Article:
‘The history of men’s opposition to women’s emancipation is more interesting perhaps than the story of that emancipation itself.’
In 1929, Virginia Woolf’s feminist text A Room of One’s Own was published. This quote by the writer, nearly 90 years later, still rings true as the fight for women’s rights has morphed from Women’s Suffrage (highlighted this year at its centennial by the likes of London’s National Portrait Gallery), through the Civil Rights movement of the 1940s through the 1960s, various waves of feminism, and to the #MeToo movement earlier this year.
Some aspects of women’s history have been quick to catch up while others have severely lagged. The art world, particularly the academic world of History of Art, often straddles the line. Contemporary female artist, while not entirely treated equally, find more equity. Those of centuries past, however, are often forgotten.
Traditionally, women learned to draw and paint to represent their talents as a lady making her a more attractive prospect for marriage. Some women, particularly those who were the daughters of artists, were exceptionally talented and made names for themselves, although they were usually overshadowed by their Western male counterparts.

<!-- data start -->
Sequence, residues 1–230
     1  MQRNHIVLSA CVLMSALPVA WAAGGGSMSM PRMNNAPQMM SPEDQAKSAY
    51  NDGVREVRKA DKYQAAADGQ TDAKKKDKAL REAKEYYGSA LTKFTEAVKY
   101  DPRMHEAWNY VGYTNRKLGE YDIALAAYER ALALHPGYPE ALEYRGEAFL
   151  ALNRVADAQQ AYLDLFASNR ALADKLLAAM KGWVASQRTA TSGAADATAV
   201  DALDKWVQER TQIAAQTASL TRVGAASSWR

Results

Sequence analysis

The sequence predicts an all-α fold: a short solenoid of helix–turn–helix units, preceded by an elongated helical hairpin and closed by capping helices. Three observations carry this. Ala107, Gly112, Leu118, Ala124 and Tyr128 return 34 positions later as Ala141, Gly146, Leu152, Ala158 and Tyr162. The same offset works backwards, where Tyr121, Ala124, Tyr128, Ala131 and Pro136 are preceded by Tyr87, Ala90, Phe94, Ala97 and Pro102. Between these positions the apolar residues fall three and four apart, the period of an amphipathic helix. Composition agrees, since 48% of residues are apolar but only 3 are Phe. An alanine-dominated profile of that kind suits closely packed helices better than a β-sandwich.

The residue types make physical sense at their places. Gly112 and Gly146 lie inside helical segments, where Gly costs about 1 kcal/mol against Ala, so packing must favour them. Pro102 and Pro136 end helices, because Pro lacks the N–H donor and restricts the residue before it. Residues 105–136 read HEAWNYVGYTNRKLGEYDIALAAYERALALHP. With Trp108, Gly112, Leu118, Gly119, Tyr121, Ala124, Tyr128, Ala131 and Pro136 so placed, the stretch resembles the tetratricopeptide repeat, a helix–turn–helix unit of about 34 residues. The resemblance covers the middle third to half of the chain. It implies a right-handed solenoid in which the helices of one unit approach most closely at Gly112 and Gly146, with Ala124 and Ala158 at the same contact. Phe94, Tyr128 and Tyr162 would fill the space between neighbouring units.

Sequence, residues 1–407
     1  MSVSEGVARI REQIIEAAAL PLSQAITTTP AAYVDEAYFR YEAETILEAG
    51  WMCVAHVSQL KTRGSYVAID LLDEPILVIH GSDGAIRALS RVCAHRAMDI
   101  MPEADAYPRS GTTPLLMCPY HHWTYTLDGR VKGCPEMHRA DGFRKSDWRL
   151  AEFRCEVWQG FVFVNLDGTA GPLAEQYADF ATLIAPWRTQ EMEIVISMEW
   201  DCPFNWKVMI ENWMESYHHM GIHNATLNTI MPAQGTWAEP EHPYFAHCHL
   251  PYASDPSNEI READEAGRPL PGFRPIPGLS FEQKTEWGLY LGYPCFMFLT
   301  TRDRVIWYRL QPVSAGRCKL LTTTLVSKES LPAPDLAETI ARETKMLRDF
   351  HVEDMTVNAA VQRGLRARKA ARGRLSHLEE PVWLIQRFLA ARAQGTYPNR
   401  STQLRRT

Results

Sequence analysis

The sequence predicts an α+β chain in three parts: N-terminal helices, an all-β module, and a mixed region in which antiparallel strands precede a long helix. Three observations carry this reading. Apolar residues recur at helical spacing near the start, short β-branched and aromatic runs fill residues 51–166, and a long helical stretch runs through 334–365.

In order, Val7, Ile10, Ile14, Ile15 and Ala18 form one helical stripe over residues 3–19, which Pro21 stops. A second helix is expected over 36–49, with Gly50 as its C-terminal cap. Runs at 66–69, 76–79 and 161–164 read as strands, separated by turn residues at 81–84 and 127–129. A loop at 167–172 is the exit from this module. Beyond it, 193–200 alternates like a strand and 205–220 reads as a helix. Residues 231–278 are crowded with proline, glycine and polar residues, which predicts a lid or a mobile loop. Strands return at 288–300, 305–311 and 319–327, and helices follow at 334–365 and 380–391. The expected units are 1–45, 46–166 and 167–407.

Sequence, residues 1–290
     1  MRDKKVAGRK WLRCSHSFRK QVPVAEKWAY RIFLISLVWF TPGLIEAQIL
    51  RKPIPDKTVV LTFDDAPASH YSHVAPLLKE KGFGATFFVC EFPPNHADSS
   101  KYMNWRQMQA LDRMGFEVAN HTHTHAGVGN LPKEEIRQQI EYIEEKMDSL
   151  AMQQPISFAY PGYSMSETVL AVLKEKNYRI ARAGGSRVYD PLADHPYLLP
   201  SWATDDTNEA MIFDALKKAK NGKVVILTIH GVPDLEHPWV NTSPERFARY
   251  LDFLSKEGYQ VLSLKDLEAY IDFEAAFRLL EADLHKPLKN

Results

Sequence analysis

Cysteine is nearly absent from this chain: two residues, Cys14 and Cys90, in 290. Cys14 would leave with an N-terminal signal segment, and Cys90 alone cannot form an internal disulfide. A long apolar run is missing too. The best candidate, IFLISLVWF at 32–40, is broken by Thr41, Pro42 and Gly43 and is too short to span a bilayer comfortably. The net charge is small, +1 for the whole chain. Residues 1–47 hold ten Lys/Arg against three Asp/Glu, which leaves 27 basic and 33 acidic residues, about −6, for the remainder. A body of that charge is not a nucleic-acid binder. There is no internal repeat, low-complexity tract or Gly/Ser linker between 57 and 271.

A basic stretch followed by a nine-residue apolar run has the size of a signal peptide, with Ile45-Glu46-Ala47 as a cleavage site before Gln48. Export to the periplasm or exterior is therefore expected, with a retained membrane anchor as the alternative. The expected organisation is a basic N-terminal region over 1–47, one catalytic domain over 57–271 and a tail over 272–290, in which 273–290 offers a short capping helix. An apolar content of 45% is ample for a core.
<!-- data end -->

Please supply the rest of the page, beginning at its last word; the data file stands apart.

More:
As an undergraduate art history student, I vividly remember debates amongst classmates as to whether women should be included in canonical art history. The integrity of women artists would be questioned since they were not formally trained like many male artists were. Some would argue that women artists were not considered because their art simply wasn’t good enough due to this. Others felt that women should be included specifically in spite of the fact that they were not educated in the same manner as men.
Make room for A Space of Their Own
Well, researchers from Indiana University Bloomington have teamed up with the Advancing Women Artists (AWA), a foundation based in Florence, Italy, in creating a database that will highlight 643 female artists, many of whom have been forgotten. The database, called A Space of Their Own – a play on the title of Woolf’s novel – was the brain child of Jane Fortune, the founder of the AWA who passed away in September. The AWA not only seeks to restore and promote the works of female artists, it has identified 2,000 forgotten artworks, primarily by Italian women.
A Space of Their Own will bring together database information and virtual museum experience for public access. Eventually, organizers hope to have high resolution images of all works that are housed in the AWA’s database.
Some of the 643 women already on A Space of Their Own include France’s Cesarine Henriette Flore Davin-Mirvault (1773-1844) and 18th-cenutury nun Sor Juana Beatriz de la Fuente.
The ongoing work of A Space of Their Own joins the ranks of similar projects like the Canadian Women Artists History Initiative’s database featuring Canadian female artists and another database highlighting women artists born between 1860 and 1972 by AWARE, a French non-profit.
The work of such databases are making an effort to reshape the canon of art history which traditionally focuses on white, Western, male artists. Though it may take many more years before more women are highlighted in the textbooks of students around the world, these databases provide exciting supplementary material that reminds us of the contribution women have made to the arts for centuries.